National Geographic : 2003 Dec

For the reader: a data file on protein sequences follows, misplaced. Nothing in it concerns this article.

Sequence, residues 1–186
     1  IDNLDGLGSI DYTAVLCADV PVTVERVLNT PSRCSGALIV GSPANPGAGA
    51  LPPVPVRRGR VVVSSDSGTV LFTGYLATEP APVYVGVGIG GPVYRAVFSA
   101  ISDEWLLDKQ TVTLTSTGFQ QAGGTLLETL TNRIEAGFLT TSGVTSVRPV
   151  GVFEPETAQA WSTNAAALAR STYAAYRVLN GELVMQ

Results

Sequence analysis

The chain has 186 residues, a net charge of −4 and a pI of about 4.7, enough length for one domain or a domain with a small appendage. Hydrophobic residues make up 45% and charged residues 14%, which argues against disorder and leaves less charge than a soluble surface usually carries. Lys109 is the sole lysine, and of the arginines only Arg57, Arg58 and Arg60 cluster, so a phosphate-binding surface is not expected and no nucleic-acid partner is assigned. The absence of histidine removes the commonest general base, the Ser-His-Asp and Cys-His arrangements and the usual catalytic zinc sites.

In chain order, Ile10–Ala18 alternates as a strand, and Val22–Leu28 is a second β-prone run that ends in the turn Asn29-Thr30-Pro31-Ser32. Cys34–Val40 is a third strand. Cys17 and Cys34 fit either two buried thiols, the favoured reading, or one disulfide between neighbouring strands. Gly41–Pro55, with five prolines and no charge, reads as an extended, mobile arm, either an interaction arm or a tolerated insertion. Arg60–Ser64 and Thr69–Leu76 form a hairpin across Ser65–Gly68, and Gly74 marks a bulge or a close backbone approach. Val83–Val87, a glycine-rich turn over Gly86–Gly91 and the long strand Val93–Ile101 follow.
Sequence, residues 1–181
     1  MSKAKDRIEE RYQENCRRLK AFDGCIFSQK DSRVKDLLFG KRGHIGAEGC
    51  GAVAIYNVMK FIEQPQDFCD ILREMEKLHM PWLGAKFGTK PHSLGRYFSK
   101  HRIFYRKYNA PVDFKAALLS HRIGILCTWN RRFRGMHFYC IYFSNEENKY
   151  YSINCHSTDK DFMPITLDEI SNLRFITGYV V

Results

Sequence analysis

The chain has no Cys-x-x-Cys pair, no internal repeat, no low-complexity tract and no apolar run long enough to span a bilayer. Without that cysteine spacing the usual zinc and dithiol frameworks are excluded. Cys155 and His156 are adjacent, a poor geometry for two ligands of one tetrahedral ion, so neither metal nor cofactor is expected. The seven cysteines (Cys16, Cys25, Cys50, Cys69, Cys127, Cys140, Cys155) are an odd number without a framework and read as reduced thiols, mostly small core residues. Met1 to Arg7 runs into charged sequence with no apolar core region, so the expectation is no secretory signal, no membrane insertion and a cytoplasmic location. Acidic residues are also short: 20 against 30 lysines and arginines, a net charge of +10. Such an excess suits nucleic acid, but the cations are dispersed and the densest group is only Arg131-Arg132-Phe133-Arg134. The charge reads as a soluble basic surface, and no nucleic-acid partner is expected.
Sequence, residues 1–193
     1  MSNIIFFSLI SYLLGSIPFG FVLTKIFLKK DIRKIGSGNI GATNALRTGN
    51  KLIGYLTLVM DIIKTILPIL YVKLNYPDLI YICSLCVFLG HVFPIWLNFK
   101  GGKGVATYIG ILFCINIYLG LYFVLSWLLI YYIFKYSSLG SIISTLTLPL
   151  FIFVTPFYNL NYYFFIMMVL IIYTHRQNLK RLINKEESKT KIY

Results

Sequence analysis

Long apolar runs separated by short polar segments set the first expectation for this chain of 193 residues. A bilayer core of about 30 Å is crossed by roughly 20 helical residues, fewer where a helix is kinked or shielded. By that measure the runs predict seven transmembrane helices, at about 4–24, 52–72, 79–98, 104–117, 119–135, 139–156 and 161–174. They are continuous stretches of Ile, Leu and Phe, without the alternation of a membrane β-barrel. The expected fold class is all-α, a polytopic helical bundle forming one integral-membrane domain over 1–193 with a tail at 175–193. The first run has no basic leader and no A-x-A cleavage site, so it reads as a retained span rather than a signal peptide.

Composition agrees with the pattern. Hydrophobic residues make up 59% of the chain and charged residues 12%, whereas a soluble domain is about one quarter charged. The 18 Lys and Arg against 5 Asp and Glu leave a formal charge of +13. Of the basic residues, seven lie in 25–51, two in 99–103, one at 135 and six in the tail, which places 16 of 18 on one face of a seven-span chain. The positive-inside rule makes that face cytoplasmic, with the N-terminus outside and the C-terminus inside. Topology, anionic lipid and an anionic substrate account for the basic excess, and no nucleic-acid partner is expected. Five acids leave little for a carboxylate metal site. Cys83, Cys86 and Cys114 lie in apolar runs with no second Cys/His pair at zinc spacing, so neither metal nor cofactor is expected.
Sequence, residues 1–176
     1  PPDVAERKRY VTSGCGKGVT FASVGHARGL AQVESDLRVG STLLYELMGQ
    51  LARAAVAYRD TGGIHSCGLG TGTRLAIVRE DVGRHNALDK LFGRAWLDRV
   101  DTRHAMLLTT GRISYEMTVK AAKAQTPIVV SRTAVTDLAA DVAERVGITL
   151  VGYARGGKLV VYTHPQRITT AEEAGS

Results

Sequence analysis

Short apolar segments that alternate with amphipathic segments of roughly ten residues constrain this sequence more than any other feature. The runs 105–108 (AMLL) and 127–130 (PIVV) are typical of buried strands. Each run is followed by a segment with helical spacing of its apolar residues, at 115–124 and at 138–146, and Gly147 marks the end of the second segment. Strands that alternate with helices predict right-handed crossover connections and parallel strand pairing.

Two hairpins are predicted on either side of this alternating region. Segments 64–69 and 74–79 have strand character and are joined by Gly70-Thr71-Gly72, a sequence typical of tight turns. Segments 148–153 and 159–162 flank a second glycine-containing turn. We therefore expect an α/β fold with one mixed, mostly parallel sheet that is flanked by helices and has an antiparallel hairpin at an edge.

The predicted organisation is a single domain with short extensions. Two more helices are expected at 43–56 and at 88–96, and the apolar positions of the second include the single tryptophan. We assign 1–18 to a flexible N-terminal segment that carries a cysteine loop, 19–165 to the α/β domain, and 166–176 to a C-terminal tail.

Precision was crucial: Removing the wrong stone could cause walls to collapse, harming Saturno or the painting. As the room cleared, black outlines and pigments of red and yellow appeared-the creatures and faces of a lost world. "The first figure we uncovered was the woman with tamales, in gorgeous Technicolor," says Saturno. "I immediately fell in love." The mystery woman wasn't alone. She and others join the corn god on the back of a mighty serpent emerging from DATE: MARCH 2003 PLACE: SAN BARTOLO, GUATEMALA GOAL: EXCAVATE, PRESERVE MURAL ESSENTIAL GEAR: CONSERVATION AND EXCAVATION TOOLS, GENERA TORS FOR COMPUTERS AND LIGHTS, ANTIVENOM DANGERS: VENOMOUS SNAKES, DEHYDRATION, COLLAPSING WALLS a sacred mountain. "The Maya were probably trying to portray the origin of maize and people," says project iconographer Karl Taube of the University of Enthroned on the west wall, a king awaits his crown (below), a pivotal moment when a man becomes royal-or perhaps divine.The scene bolsters evidence of the Importance of kingship among the early Maya. "It could portray the firstaccession of a god, says project Iconographer Karl Taube. Until all the dirt is chipped away, "we can't say If the king is real or mythological."